The first written mention of the oil production in Russia dates to the XVI century. On Ukhta River locals gathered oil from the water surface to use it for the treatment and as a lubricant. In 1745, on Ukhta River refinery was built. In 1823, Dubinin brothers began to refine in Mozdok. In the Caspian Sea near Baku, in those days belong to the Russian Empire in 1846 the world's first oil well was drilled. A huge role in the development of the oil industry in the region played the Nobel brothers and the Rothschild family.

By the beginning of the XX century, 30% of the oil produced in the world, accounted for Russia. After the 1917 revolution and the subsequent nationalization of deposits in three years, oil production in the country has fallen. But foreign capital remained in Russia. Companies such as the Vacuum and Standard Oil, to which the Rothschilds sold their assets, collaborated with the Soviet government. As a result, in 1923 the level of exports returned to their previous values.

Until the Second World War, the bulk of the oil was produced in the Caspian region and the North Caucasus. Therefore, control of these valuable raw material rich areas was one of the main objectives of Germany during the war. After the war, oil production in the Caspian Sea began to rise again, but it was decided to actively develop the exploration and development of oil fields in the Volga-Ural region, where in 1975 the volume of production reached a peak of 4.5 million barrels per day.

The USSR made large-scale investments in the oil sector, and this contributed to the rapid growth of oil production in the region. Open field was easy to develop. In addition, they were not far from traffic arteries, which were another factor contributing to the development of the industry. In the 50s, the oil field of the Volga-Urals produced for about 45% of all oil produced in the USSR. With increasing oil production continuously oil exports increased. In 1960s the volume of the hydrocarbons produced by USSR came in second place in the world, which caused a fall in prices in Middle East oil and served as one of the reasons for the creation of OPEC.

In the early 1960s, it was announced on the opening of the first major oil fields in Western Siberia. It happened, when there was a question in the country: how to keep a high level of production after deposits in the Volga-Ural region will reach peak production. Discovery of the oil fields in Siberia gave a powerful stimulus for the development of the region - thousands of people moved to the rough region, oil towns and villages quickly rose. West Siberian Basin became the largest in the Soviet Union the oil-bearing and oil-producing area. Despite difficult weather conditions, oil production in Russia grew at a record pace. An important feature of the resource base of the region was the high concentration of proven reserves in large and major fields. In 1965 a giant Samotlor field was discovered, containing 14 billion barrels of oil available.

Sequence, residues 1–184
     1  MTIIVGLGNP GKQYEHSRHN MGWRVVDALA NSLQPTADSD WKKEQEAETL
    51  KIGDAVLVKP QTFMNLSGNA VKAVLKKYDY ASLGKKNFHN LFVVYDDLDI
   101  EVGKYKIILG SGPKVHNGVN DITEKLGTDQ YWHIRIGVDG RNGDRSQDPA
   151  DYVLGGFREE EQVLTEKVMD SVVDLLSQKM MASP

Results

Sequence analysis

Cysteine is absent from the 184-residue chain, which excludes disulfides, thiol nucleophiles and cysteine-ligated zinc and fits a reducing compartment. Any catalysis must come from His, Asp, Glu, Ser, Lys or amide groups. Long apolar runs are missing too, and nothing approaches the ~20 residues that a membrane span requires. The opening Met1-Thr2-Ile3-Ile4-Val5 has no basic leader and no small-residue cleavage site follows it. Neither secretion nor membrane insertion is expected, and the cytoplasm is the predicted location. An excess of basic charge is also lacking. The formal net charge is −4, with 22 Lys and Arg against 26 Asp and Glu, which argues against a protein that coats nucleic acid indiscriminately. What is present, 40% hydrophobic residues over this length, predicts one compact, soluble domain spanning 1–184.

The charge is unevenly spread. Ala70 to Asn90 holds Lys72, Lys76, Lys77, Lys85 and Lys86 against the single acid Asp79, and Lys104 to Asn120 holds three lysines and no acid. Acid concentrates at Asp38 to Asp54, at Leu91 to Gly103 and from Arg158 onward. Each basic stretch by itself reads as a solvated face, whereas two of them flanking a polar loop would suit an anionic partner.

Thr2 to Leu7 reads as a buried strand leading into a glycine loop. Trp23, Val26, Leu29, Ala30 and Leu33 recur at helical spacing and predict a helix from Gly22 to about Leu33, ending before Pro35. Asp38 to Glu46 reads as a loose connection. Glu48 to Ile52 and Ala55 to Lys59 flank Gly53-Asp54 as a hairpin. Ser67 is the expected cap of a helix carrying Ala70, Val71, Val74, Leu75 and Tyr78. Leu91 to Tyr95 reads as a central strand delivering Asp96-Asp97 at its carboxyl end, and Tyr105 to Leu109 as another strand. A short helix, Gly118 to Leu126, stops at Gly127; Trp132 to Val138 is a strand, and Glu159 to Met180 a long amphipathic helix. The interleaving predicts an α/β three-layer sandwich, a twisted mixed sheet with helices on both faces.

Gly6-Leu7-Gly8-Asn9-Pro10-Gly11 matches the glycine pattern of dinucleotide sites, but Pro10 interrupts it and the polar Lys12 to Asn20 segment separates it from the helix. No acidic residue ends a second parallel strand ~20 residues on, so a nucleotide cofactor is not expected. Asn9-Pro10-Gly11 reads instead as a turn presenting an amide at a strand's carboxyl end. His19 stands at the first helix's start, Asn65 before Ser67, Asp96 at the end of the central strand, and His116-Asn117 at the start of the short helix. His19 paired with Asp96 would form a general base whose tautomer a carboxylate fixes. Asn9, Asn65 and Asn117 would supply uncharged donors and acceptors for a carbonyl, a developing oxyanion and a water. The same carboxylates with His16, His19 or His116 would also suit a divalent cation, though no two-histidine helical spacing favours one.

Thanks to the development of the oil industry in Western Siberia, USSR rapidly increased its oil production: from 7.6 million barrels per day in 1971 to 9.9 million barrels per day in 1975. To this day, the region remains a major "oil trump card" of Russia: Khanty-Mansiysk Autonomous Okrug produces about 60% of the total annual oil production in Rusia.

After this great success, the oil industry gradually began to decline, caused by the desire to get as much as possible oil without worrying about the long term. Lack of investment in exploration was compensated by intensive drilling. By 1988, the Soviet Union reached a record - 11, 4 million barrels per day, and large part accounted for the deposits of Western Siberia. But from that moment, technological omission made themselves felt – it was impossible to restrain long decline in oil production.

The greatest influence on the crisis in the oil industry a collapse of the Soviet Union has had. Domestic demand fell, missed opportunities for exports. Due to financial difficulties, drilling reduced, the wells did not receive proper care. The decline in oil production has ceased in 1997 only.

De-monopolization and privatization of the sector has led to the creation of large, vertically integrated oil companies, each of which is engaged in a full cycle of oil production and processing in Russia - from exploration to sales of petroleum products to the final consumer. These companies now define the face of an industry that plays a vital role in the economy. By 2015, the largest of them are "Rosneft", "Lukoil" and "TNK-BP».

Today in Russian oil companies are often forced to work under very difficult conditions: it is necessary to extract oil from reservoirs, barbarously operated in Soviet times, from flooded reservoirs, from difficult field to develop. Therefore, the development of new technologies is one of the priorities of oil production in Russia.

In 2007, Russian oil production reached 492 million tons of oil and condensate. That oil accounts for about 30% of all Russian exports. At the current rate of extraction of proven reserves, liquid hydrocarbon should be sufficient for 50 years. However, many experts believe that the future - for the development of new technologies that will produce oil, where previously it was impossible.


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